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Paul Sigmund, 85, professor at Princeton University

When Paul E. Sigmund and his brother Peter returned to the United States from Germany in 1933, the then-preschoolers could not speak English.

Paul E. Sigmund
Paul E. SigmundRead more

When Paul E. Sigmund and his brother Peter returned to the United States from Germany in 1933, the then-preschoolers could not speak English.

"He and I both spent our first years in Germany," where their father worked as a civil engineer, Peter Sigmund said. Their American parents "considered it better to stick with one language."

So they were the only German-speaking children on their block of Hewitt Road in Wyncote, making them "an object of wonder," he said.

On Monday, April 28, Paul Sigmund, 85, who retired in 2005 as a politics professor at Princeton University, died of complications from pneumonia at University Medical Center of Princeton.

His wife, Barbara Boggs Sigmund, was mayor of Princeton from 1984 to her death at age 51 in 1990.

Born in Philadelphia, Mr. Sigmund earned a bachelor's degree, summa cum laude, at Georgetown University in 1950, studied on a Fulbright scholarship in 1950-51 at the University of Durham, England, and earned a master's at Harvard University in 1954 and a doctorate there in 1959, where, his resumé states, his "dissertation was awarded a prize as best thesis."

In 1956-57, as a lieutenant, he was a political analyst at the European headquarters of the Air Force in Wiesbaden, Germany.

Mr. Sigmund was director of the Latin American Studies Program at Princeton in 1969-70 and for several terms in the 1980s and 1990s.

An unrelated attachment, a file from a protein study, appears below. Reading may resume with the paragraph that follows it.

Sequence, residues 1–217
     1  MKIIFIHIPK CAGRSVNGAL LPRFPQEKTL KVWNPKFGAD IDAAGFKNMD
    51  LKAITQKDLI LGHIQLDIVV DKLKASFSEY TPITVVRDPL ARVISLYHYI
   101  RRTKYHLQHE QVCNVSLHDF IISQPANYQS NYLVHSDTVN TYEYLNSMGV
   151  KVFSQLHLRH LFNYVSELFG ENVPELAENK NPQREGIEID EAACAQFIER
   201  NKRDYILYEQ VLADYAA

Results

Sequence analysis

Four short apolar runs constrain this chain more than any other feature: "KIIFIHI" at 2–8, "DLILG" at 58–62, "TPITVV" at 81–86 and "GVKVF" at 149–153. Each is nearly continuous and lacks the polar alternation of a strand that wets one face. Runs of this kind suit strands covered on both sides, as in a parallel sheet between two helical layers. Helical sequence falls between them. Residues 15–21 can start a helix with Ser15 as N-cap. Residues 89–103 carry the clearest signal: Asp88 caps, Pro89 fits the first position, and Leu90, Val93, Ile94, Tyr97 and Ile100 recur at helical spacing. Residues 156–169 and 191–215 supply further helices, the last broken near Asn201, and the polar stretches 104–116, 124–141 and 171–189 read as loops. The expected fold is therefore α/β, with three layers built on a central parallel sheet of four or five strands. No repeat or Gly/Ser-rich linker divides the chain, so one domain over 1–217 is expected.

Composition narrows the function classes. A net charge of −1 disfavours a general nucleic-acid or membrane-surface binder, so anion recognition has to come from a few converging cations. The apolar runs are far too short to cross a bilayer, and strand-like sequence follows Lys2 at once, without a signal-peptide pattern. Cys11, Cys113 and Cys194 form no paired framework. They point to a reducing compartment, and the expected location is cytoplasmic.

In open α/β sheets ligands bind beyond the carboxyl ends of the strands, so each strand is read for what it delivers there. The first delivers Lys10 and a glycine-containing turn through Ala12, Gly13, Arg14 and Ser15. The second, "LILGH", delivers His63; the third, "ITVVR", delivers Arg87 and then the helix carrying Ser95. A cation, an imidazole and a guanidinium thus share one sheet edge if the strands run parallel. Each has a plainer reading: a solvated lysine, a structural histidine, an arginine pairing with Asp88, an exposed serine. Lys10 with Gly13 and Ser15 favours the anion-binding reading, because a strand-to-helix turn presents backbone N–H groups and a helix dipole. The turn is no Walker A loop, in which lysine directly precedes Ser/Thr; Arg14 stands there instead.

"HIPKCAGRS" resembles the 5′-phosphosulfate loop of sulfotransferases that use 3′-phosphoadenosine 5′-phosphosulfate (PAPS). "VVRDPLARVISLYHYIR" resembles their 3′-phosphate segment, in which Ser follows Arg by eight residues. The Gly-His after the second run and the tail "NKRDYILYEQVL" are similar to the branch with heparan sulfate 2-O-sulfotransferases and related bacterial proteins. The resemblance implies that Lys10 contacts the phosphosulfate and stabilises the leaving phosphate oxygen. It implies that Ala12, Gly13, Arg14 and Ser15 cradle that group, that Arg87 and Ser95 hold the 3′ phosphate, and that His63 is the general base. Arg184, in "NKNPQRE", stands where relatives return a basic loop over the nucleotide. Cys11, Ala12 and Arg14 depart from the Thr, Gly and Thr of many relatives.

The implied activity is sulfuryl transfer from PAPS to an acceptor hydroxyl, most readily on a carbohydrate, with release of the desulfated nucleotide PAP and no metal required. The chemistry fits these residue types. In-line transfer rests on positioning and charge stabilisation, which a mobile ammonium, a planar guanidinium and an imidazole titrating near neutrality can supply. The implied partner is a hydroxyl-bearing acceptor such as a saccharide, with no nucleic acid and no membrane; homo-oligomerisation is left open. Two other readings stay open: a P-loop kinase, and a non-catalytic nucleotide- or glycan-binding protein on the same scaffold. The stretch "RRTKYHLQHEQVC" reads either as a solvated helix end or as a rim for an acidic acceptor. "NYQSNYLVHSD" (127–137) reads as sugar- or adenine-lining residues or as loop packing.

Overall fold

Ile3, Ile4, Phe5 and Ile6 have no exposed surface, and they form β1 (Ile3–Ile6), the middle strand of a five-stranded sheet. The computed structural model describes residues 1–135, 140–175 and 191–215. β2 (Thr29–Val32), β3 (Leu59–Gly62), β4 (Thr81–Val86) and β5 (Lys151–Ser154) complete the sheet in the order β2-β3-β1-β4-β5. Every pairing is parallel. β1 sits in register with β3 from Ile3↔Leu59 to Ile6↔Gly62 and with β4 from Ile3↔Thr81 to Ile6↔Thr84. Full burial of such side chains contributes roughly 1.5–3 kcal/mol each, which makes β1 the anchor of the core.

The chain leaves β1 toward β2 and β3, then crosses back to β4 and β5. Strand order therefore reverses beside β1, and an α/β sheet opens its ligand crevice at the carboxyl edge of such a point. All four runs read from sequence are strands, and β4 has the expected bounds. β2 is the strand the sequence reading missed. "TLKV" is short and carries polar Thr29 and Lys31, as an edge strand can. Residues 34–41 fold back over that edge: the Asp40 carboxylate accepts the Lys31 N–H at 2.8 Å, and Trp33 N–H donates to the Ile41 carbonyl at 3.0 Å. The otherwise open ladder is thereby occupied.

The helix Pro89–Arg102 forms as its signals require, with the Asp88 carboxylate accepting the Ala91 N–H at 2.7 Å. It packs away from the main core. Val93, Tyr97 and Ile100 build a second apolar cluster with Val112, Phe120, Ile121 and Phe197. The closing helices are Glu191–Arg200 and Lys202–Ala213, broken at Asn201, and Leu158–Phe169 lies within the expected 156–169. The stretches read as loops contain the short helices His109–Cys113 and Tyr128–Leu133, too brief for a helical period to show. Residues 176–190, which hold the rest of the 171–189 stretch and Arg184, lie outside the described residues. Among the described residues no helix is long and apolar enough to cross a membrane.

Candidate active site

George Kateb, who retired in 2002 as a Princeton professor of politics, said it was "unusual for any person" to have two fields of concentration in any subject, as Mr. Sigmund did with the study of political principles and of Latin American politics.

"He was most famous for his work in what used to be called liberation theology," Kateb said.

That movement within the Roman Catholic Church, he said, "was to give a presence to the conditions of the poor," but was "quite unpopular" with the church hierarchy, which eventually silenced the movement.

Mr. Sigmund was "a devout Catholic," Kateb said, who was "the kind of conservative who knew that you are able to conserve only by changing and meeting the demands that deserve to be met."

Among Mr. Sigmund's several books, Liberation Theology at the Crossroads: Democracy or Revolution was published by Oxford University Press in 1990.

"I've never known anyone to be so engaged in so many activities, scholarly and not scholarly, and to keep so calm throughout his life," Kateb said.

Among his several appointments, Mr. Sigmund was a fellow at the Woodrow Wilson International Center for Scholars in Washington in 1985-86.

"In his spare time," brother Peter said, Mr. Sigmund "was a fund-raiser for Haiti," specifically for the Rev. Thomas Hogan, a former Catholic chaplain at Princeton working to feed and educate poor children there.

Besides his brother, Mr. Sigmund is survived by sons Stephen, David, and Paul IV; another brother; two sisters; and four grandchildren.

A visitation was set from 6 to 9 p.m. Thursday, May 1, at the Stuart Country Day School of the Sacred Heart, 1200 Stuart Rd., Princeton. A Funeral Mass was set for 1:30 p.m. Friday, May 2, at the Princeton University Chapel. Burial is to be in Princeton Cemetery.

Donations may be sent to Condolences may be offered to the family at

610-313-8134 @WNaedele